This year, I will not attend the March IRL for a few reasons. The same reasons that kept me away the last two years as well, for I had only attended the March in 2017. But it’s nice now that I can say them aloud, not to ask permission to not attend, but rather to amplify with others like myself with a chronic illness that presents rather dynamically. Sometimes dubbed an “invisible disability”, my limited mobility and arthrosis (aka osteoarthritis) mean that what starts as slight back pain or a stiff knee can end the afternoon as stiff hands and joints and throbbing pain. The next day you may even feel the stiffness and the pain (in addition to whatever your “normal” is).
So sure, I could go out for an afternoon, walk around with my walking stick and carry a sign with a witty saying, knowing that the stiffness will get worse over time and that if I don’t sit down (somewhere? anywhere?) soon, I’ll have to leave early, or pay the price the next day. When I was younger, I would opt for the second option, paying the price the next day with sore hips and painful hands. But as I get older, as my condition progresses and I have more responsibilities and desires in my life, this becomes a harder decision to make. Which is why that I’m glad that the Online Disability March exists, so that I can be part of the protest from home, follow along on Twitter, and help support others in their actions and activism.
On the note of the VN-Verdrag this year, I’ll point out that at this moment, I can “turn up and go” with public transit, an English phrase used to describe the freedom that quite a few Dutch-based folks take for granted. Hop on any bus bus, catch a train without a reservation, rent an OV fiets, or take a taxi home for the last leg of a late journey (such as a March in Amsterdam). This is not the case for all Dutch-based folks, including those with mobility aides such as wheelchairs, walkers (rollators), crutches, or canes in some instances, or those who have poor vision or are blind – anyone who wants some ounce of independence.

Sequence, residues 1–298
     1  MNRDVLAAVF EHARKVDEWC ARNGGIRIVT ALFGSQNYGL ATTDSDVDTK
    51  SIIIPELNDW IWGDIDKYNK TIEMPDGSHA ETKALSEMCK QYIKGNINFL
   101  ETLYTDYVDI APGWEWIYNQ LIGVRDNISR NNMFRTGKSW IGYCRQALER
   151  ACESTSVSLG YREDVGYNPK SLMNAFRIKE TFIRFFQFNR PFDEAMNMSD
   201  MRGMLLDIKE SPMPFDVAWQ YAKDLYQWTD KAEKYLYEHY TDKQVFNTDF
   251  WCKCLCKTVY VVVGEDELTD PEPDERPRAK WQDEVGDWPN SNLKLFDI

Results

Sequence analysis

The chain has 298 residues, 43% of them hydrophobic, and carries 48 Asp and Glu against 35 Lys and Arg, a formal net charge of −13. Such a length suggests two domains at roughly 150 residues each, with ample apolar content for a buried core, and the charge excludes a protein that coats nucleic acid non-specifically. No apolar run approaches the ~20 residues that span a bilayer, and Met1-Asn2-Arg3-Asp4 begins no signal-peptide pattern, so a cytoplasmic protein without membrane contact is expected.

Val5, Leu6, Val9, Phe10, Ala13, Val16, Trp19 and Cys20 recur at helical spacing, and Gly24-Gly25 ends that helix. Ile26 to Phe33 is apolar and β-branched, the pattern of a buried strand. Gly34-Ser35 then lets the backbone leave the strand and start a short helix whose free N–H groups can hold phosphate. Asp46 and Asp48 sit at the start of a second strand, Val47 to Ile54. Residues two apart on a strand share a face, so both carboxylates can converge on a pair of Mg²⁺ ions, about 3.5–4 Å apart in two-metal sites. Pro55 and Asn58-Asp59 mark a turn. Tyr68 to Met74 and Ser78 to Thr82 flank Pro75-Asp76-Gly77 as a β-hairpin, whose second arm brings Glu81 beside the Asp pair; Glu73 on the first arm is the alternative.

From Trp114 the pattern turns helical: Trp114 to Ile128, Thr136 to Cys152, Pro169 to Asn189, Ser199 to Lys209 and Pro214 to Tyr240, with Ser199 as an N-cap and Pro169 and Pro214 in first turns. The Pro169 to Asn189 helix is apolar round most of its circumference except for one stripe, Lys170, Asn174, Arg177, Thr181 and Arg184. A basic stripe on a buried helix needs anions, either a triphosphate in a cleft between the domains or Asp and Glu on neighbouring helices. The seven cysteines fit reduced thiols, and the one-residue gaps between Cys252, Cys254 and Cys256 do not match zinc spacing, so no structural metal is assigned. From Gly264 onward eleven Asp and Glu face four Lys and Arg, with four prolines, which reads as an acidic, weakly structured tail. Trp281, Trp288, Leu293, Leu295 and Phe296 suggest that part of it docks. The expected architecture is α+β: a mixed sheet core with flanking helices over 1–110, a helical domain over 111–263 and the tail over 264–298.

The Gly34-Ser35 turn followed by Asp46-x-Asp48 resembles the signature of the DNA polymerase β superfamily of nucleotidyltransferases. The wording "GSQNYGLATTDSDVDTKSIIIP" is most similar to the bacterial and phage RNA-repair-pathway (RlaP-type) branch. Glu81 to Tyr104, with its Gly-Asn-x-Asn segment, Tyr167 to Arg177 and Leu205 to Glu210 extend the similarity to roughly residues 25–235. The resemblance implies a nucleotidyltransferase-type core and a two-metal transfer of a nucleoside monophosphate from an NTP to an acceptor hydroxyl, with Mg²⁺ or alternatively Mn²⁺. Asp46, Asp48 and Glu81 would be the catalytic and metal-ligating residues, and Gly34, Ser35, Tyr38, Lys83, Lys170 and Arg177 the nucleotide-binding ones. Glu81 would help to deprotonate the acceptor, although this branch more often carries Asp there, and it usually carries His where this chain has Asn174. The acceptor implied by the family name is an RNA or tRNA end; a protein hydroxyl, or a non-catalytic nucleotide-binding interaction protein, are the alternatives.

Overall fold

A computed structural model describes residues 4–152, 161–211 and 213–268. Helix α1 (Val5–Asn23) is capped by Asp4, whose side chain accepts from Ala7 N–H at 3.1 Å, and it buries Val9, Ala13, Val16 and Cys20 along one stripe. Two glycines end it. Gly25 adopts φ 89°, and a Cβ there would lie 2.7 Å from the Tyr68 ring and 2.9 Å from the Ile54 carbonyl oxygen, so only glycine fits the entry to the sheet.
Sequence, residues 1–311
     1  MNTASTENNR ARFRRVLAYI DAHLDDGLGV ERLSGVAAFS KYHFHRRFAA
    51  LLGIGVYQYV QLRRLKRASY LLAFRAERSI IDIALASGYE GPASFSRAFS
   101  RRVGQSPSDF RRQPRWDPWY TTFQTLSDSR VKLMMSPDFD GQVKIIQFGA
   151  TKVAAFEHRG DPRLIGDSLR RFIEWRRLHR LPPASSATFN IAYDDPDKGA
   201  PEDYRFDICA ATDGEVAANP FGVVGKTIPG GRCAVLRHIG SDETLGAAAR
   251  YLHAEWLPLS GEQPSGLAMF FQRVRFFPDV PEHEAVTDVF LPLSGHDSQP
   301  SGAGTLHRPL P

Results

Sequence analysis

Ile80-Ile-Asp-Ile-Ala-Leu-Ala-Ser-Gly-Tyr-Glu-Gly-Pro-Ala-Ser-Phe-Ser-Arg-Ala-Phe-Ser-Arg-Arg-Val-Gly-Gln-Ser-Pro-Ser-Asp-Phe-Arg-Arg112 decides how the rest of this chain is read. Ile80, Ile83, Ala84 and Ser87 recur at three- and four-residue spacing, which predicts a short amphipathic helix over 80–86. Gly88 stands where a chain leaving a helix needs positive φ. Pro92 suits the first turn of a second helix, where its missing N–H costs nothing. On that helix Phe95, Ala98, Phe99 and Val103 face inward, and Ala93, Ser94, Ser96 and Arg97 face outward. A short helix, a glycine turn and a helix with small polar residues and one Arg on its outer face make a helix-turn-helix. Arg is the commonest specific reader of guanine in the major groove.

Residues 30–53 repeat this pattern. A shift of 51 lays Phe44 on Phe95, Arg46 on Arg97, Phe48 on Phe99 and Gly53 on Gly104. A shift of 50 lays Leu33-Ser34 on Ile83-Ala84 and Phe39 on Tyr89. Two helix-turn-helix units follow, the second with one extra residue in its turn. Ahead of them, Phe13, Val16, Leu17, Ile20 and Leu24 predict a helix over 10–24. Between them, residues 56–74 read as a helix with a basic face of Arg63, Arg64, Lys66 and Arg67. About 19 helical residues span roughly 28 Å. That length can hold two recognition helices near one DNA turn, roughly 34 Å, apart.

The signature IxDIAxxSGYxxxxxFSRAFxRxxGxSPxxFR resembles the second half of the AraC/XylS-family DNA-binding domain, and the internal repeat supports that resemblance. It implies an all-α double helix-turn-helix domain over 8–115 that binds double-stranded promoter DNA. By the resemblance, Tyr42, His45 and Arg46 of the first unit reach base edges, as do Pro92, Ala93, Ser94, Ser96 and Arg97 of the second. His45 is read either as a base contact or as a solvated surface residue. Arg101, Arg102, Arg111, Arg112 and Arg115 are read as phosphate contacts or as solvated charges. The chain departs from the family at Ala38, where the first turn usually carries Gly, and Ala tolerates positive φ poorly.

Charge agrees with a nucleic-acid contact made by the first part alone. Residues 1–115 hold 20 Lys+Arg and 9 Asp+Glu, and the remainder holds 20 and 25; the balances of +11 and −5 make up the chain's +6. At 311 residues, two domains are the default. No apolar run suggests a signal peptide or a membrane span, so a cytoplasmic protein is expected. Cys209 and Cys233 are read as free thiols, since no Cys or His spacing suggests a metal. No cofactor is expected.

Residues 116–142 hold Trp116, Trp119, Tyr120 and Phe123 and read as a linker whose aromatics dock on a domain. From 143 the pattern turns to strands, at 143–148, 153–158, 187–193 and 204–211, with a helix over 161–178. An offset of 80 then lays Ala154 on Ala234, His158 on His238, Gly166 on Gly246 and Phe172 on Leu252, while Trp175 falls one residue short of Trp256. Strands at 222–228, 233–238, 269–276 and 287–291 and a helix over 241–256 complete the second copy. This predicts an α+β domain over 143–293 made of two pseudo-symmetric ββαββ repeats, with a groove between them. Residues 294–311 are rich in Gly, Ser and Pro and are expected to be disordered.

Instead, in the Netherlands, it’s more like “turn up and hope”. Current and proposed updates to trains are not including barrier-free access; they still rely on a broken system of booking an hour in advance for a ramp to be brought, and hoping like hell that you can get out at your desired stop. Hoping that the elevators will be in service. Hoping that there are tactile tiles at stations or that the audio aides are working on the trains. That you won’t be harassed at the station or bus stop. Hope that you are the only other wheelchair user on the bus line that day, lest you have to wait for the next one or the bus is too full to take you on. Hope that you can get a seat on the bus rather than stand for 20 minutes. Hope that the one tricycle to be rented in the large city OVfiets station is still available. Hope that the Uber won’t refuse you and your wheelchair or guide dog, or that the one taxi with an accessible berth is available to be booked in advance. So while those who can “turn up and go” are busy patting themselves on the back about our 100% wind powered trains and encouraging cities to reduce private car access in lieu of bus and bike lanes, remember that there are folks who have to “turn up and hope” and that we need to make our public infrastructure more accessible before we start pushing it as the only necessary option.
Thanks so much!